Global Open Label Extension Study

Study participants from phase II and phase III trials were invited to continue on or enter a multicenter OLE study. Of 187 eligible patients from APOLLO, 186 patients enrolled, joining all 25 patients from the phase II OLE study. Patients received 0.3mg/kg dosing by IV infusion every 3 weeks and continued treatment for 5 years.   

There was sustained reduction of TTR concentration (mean 78.7%) through all groups compared to pre-patisiran levels. At a 12-month interim analysis, patients continued to demonstrate improvement of mNIS+7 scores compared to baseline at OLE enrollment (APOLLO-Patisiran group −4, phase II OLE −4.7, and APOLLO-placebo group −1.4).36 Continued improvement compared to APOLLO baseline was observed in Norfolk QOL-DN (−3.9 mean change), as well as autonomic function based on the Composite Autonomic Symptom Score or COMPASS-31 (−4 mean change) in the APOLLO-patisiran group. Additionally, for patients in the APOLLO-placebo group, the progression of neuropathy seen in APOLLO based on mNIS+7, QOL-DN, polyneuropathy disability (PND) and COMPASS-31 scores either stabilized or reversed once patisiran was initiated in the OLE. Positive effects on cardiac function were also observed in the global OLE. N-terminal prohormone of brain natriuretic peptide (NT-proBNP) remained stable in patients previously treated with patisiran, and improved in the APOLLO-placebo group after initiating patisiran.36 None of the neuropathy measures returned to APOLLO baseline, emphasizing the importance of timely disease recognition and treatment.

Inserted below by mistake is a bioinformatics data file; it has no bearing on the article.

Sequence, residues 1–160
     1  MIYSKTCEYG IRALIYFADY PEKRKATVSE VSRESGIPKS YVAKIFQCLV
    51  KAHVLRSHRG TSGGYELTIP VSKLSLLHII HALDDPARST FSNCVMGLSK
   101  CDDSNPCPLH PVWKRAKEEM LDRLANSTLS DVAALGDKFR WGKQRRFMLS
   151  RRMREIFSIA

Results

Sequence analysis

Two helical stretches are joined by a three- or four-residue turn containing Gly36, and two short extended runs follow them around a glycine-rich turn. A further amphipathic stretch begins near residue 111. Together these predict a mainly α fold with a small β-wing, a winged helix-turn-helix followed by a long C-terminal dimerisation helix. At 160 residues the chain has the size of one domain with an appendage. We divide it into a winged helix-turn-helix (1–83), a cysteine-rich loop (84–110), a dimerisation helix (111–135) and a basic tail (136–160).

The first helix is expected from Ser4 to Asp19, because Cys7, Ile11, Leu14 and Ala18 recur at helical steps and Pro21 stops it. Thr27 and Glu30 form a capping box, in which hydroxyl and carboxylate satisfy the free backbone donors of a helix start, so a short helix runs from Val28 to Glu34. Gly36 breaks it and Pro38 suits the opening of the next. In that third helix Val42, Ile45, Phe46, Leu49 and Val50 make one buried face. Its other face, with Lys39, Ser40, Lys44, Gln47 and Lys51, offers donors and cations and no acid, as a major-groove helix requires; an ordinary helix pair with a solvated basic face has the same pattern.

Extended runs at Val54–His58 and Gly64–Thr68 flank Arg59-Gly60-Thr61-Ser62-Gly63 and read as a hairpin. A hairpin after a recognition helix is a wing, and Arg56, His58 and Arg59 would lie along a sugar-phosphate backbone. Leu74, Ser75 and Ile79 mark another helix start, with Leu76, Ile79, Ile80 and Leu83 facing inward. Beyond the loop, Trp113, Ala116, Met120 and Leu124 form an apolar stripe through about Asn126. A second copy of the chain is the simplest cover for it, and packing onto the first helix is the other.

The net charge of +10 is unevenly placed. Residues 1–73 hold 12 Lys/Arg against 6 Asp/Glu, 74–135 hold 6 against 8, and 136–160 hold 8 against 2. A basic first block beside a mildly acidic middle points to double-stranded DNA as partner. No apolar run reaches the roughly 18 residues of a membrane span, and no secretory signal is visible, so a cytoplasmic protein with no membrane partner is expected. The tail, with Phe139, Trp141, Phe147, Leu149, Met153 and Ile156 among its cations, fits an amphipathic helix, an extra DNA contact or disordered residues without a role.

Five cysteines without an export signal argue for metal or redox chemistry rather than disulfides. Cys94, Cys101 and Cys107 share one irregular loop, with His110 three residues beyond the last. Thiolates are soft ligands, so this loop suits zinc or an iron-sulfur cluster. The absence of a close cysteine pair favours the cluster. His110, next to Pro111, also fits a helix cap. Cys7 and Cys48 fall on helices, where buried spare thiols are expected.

In a safety analysis, 97% of patients reported adverse events, which were mostly mild to moderate IRRs. 39% of patients reported serious adverse events and 11% of patients passed away. The APOLLO-placebo group reported more severe adverse events (47% compared to 26% in APOLLO-patisiran and 12% in phase II OLE patients). The death rate was higher in APOLLO-placebo patients (27% compared to 7% in APOLLO-patisiran patients). No deaths were reported in phase II OLE patients who received the longest duration of patisiran treatment.